About 20 minutes after the checkered flag, Will Power was shown the video replay of Sunday’s first lap at the Grand Prix of Portland where five cars tangled and four of them were eliminated.
“Oh my God, you’ve got to be kidding me. He was right in the middle of everything and he didn’t hit anybody? And he kept the engine running?” said Power, breaking into a grin. “Sometimes it’s your day or your year, and anybody that doesn’t think he’s going to win the title is crazy.”
Of course Power was talking about Scott Dixon, who started 11th, somehow avoided being taken out in that first-lap melee, fell back to 20th and recovered to finish fifth and increase his point lead over Alexander Rossi with one race remaining.
“That was crazy,” said Dixon after climbing out of his PNC Honda with a 29-point lead in search of his fifth IndyCar title. “I couldn’t see anything but dirt and dust and it was everywhere. But when the dust cleared, I was surprised that I was just sitting there in the middle.
“I was just hoping we could continue.”
Owner Chip Ganassi said: “That start took years off my life today.”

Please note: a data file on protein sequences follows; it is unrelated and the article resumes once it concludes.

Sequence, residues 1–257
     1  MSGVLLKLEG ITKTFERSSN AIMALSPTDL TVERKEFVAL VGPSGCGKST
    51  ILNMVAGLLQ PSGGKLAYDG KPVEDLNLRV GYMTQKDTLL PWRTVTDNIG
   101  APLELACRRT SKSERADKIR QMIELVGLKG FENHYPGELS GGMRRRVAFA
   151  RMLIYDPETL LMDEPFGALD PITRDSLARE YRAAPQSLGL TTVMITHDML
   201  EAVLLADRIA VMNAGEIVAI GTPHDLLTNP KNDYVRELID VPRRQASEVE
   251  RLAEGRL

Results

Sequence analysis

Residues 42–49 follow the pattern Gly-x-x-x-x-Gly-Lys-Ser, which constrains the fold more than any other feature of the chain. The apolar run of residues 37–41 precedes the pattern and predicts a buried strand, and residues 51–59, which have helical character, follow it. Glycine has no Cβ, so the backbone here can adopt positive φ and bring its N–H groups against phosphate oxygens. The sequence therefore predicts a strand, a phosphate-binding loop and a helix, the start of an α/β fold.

But other than a slightly bent suspension and having the antenna knocked off, the 38-year-old Kiwi rejoined the race back in 20th place and Rossi was leading, pulling away owned a 17-point lead in the championship at one point.
Then everything changed with a full-course yellow that flopped the field and put the leaders in the back and the guys in Dixon’s three-stop strategy right back in the hunt,
“I got a drive-through penalty for speeding in the pits but that had to be some kind of technical glitch because I was being careful,” he explained. “But we caught a good break on that caution and I’ve been on the other side of that one.
“But nothing’s been decided — we’ve got to run good at Sonoma. Double points, anything can happen.”
Yeah, kinda like what did Sunday afternoon in Portland.